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Diastasis Recti Women's Health Physiotherapy

Diastasis recti, also known as Diastasis recti abdominis (DRA) is a separation of the rectus abdominal muscles at the linea alba. It can occur as a result of prolonged transverse stresses on the linea alba in women during pregnancy, Post-menopausal women and men.

Effect of pregnancy on Diastasis Recti

During pregnancy, the linea alba has to accommodate a growing fetus, consequently the line alba softens causing an increase in the width of the linea alba (inter-rectus distance or IRD). This tends to be experienced by women in their third trimester.

What is the linea alba?

There are two rectus abdominis muscle heads which run parallel to each other and are separated by connective tissue in the middle of the body which is the linea alba.

How do I know if I have Diastasis recti? (DRA)

Confirmation of a DRA comes from assessing the inter-rectus distance.

If the therapist can place two or more finger widths (approx. 2cm) in the sulcus between the medial borders of the rectus abdominus muscles, then the patient may be presenting with a DRA. This palpation can be sufficient in detecting the presence of or absence of diastasis recti.

How is Diastasis recti abdominis (DRA) managed?

  1. Patient education: It is important to understand how generating tension in the connective tissue (linea alba) by working the tranversus abdominis and pelvic floor alongside retraining of the diaphragm function helps to strengthen the core.

  2. Pelvic Floor exercises (Kegel exercises): can help strengthen the deep abdominal muscles because all the core muscles contract as a cohesive group. We encourage pelvic floor exercises to be performed throughout pregnancy and post-partum too!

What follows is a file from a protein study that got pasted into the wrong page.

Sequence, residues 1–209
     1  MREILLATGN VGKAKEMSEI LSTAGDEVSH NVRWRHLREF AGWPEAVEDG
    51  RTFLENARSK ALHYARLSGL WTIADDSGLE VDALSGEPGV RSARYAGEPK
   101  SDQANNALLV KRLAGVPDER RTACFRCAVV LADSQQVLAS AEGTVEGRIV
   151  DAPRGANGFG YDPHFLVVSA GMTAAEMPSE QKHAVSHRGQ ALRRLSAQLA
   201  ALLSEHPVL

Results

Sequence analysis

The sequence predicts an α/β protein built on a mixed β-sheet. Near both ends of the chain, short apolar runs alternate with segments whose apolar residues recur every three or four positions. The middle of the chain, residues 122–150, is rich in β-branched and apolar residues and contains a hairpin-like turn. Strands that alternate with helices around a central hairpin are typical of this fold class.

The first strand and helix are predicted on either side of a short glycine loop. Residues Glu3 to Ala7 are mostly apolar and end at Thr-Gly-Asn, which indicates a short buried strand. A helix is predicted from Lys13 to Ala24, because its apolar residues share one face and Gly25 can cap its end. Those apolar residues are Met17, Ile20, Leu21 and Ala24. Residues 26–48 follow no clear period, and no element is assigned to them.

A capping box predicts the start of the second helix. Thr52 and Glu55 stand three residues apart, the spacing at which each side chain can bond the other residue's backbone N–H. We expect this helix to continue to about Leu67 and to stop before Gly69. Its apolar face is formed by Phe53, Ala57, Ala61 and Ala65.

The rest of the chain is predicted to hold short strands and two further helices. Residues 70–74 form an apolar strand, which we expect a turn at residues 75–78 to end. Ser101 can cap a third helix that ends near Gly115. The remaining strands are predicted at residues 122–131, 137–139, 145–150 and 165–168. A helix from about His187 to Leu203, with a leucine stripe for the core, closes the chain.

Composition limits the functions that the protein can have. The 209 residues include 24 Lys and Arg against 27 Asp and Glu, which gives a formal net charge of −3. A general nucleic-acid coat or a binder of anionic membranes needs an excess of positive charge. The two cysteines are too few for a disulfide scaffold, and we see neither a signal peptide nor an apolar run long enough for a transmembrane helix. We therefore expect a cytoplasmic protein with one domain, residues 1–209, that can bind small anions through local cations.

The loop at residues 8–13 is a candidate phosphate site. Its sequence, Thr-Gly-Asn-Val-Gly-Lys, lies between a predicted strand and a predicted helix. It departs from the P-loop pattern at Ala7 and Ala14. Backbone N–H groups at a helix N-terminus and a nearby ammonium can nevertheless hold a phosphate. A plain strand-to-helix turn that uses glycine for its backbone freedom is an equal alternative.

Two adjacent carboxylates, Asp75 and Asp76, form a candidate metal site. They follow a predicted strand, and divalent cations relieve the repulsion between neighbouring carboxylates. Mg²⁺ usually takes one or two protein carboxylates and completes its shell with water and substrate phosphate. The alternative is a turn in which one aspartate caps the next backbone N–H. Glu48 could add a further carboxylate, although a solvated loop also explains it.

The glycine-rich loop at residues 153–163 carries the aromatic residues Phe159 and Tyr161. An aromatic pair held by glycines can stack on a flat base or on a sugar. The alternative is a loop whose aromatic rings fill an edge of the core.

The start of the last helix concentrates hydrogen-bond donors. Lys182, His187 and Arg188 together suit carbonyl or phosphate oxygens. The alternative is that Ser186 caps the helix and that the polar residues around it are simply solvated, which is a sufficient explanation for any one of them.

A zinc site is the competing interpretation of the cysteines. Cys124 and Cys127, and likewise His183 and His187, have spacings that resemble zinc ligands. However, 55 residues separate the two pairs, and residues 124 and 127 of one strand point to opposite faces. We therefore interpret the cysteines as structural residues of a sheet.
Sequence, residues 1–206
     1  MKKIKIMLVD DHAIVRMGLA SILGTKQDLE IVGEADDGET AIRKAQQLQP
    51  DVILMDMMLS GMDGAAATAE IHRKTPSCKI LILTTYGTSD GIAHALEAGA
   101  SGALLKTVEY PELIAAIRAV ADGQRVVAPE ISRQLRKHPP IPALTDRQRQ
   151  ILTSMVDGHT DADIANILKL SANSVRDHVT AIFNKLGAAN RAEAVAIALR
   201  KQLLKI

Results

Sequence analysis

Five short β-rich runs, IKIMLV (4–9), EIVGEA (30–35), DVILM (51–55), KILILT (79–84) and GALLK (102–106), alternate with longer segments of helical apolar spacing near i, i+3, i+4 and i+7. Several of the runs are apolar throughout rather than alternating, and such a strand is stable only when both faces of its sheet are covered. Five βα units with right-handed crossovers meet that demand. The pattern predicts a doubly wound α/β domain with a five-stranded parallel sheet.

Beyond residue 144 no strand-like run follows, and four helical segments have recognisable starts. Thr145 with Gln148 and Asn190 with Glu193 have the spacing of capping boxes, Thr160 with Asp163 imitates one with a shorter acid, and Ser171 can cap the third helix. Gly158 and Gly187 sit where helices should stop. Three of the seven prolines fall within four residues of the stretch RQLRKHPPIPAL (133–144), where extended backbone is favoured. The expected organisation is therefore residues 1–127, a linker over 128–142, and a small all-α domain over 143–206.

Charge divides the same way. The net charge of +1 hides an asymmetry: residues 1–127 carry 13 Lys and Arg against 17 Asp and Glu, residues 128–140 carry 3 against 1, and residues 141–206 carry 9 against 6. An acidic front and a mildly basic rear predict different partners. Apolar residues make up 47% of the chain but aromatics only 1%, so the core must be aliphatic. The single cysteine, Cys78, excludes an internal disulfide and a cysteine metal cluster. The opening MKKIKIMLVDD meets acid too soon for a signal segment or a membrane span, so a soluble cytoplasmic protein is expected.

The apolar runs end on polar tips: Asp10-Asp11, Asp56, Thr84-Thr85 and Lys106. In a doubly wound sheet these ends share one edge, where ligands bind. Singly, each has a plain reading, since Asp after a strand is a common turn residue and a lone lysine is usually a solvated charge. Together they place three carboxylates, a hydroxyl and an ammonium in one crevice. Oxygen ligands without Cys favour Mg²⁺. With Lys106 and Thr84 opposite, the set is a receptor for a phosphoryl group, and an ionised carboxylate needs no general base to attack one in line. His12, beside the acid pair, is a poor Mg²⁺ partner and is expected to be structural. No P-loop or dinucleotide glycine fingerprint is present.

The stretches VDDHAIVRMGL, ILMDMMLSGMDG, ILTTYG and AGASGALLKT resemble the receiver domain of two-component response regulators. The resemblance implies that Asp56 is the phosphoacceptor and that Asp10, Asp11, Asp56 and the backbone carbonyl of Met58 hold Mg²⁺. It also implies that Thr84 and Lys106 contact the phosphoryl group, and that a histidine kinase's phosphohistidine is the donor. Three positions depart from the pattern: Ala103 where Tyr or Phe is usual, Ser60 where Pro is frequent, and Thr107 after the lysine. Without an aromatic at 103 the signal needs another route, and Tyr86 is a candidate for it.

3. Breathing exercises: help to retrain the diaphragm by training it to descend after giving birth. During pregnancy, as the uterus grows, the diaphragm is pushed upwards. Since the diaphragm forms the top of the core muscles, the breathing exercises help to retrain the diaphragm to full function.

  4. Core strengthening exercises: help to improve pelvic alignment, tone the abdominals, develop dynamic stability and train the synergistic functioning between the external and internal layers of the abdominal wall

  5. Avoiding sit-ups and crunches: these types of exercises can put a strain on the pelvic floor and can increase intra-abdominal pressure. It is best to avoid these during pregnancy and in the post-partum period.

  6. Completing activities of daily living without increasing abdominal pressure.

  7. Postural awareness: helps women to become aware of certain stresses on their body in certain positions and how to minimize rigidity in the upper spine and over-using the wrong muscles.

  8. Using abdominal binders: these can be helpful in the post-partum period, however the wrong use of them can also cause problems, so it is best to seek the advice of a qualified Physiotherapist specializing in Diastasis recti.